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Tuesday, November 13, 2012
BRAVE: A DIFFERENT DISNEY
The fusion of animation between Disney and Pixar studios has resulted in some dynamite movies over the past few years. Many have become the classics of the future for children including movie series like CARS and TOY STORY. There hasn't been a single movie from the combined efforts of these two that has yielded a bad movie. This holds true for their latest release to DVD, BRAVE.
BRAVE takes place in an unnamed country that more than likely is Scotland pre-Christianity days. These Celtic warriors talk tough and battle against the likes of bears when not fighting one another (something alluded to as the film progresses). In this world is a young princess named Merida, a free spirited young woman who loves to roam the countryside with her bow and arrows, riding her horse and climbing mountains. But that's not the thing that a princess should be doing as her mother reminds her of over and over.
Her mother wants Merida to be a young lady of refinement, ready to take over the duties of a queen when the day comes. That day comes sooner than Merida would like when her mother and father inform her that the leaders of the other three clans are on their way bringing with them their first born sons, her eligible suitors. Ever the misunderstood teen in these sorts of films, Merida revolts against her parents and when a tournament is held to determine who will win her hand, it is Merida who wins the match and announces she is free to choose as she likes. This doesn't go well with the clans and arguing ensues.
Back at the castle Merida and her mother have words that result in Merida slicing a tapestry of her family her mother made and running off to the woods. In the woods she comes across a Stonehenge type area where she spies a sprites (blue lit fairies of a sort) that guide her to a house in the woods where a witch lives. Talking about her desire to determine her own fate, she makes a bargain with the witch to help find a way to change her mother.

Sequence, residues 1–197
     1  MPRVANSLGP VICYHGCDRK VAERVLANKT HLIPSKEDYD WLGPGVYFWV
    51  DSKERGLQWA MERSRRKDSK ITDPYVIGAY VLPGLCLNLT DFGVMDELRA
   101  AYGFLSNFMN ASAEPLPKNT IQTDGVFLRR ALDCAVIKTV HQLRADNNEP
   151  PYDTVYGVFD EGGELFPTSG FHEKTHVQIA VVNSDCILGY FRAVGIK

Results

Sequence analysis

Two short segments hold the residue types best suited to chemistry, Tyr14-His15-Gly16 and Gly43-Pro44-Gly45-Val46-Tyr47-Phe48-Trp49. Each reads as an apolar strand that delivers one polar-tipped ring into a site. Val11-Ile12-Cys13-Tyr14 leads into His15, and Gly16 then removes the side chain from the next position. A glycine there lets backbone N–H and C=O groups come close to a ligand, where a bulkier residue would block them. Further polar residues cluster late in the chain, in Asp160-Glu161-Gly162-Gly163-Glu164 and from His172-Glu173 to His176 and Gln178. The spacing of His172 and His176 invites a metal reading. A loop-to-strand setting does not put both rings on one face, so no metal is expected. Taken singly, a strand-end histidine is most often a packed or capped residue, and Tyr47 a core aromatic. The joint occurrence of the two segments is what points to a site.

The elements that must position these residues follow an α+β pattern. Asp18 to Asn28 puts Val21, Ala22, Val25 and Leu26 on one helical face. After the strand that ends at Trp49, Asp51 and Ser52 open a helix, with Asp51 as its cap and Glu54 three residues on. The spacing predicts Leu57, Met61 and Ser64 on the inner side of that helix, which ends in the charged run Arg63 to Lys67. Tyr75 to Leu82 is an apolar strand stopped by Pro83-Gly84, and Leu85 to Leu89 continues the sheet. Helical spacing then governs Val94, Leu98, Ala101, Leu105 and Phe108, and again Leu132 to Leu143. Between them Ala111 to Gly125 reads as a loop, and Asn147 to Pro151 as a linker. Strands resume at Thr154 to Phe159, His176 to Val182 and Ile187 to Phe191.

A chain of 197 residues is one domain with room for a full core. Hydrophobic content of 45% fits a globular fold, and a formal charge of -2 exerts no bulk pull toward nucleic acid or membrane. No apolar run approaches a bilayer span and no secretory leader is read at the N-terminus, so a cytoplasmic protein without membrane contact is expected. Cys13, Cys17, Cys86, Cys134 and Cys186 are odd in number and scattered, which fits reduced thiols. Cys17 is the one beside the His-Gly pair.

Returning with a gift for her mother, a treat that contains the spell, her mother eats a portion of it only to become ill. Once in her room with Merida's help, her mother changes into a black bear. Not a good thing since Merida's father is known for being a bear killer. The two escape the castle and head back to find the witch's house in hopes of returning the queen back into herself.
In order for this to happen, Merida and her mother must mend the tear in their relationship that has come about. Not only must they do this figuratively they must do so literally as well with the tapestry. Along the way they begin to understand one another clearer than they did in the past. But if they don't take care of this problem soon, the queen might stay this way forever.
What we have here is a failure to communicate. Okay I had to say that. But the gist of the story lies in the inability between a teen and her parent to be able to come to a common ground. This, as well as several exposed bottoms on the warriors, makes the film more inclined to be one for teens as opposed to the younger crowd. That might not be easy since by that age they're past cartoons, computer animated or not.
The movie is entertaining with some great music in it. The animation as always is breath taking to behold and you'll wonder just as I did how they are able to capture such detail in some areas like Merida's hair. The story is one that might even help a few teens and their parents come to terms with one another and communicate better than before seeing the film.
My only problem was that this isn't the sort of film Disney was known for. In the past magic was on display in Disney films but was used as a plot device. The jaded apple, the pumpkin carriage and such. In this film the magic stems from Celtic symbols and revolves around magic. This might not mean much to some people but for me it gave the film a different feel than the normal Disney films I grew up with.
Still, the movie does offer a nice piece of entertainment. It tells the story of a young girl looking to find her way in life and how she achieves that. For me, it won't go down as a classic Disney tale and my guess is it won't be remembered as well as most, but it's still a good movie.
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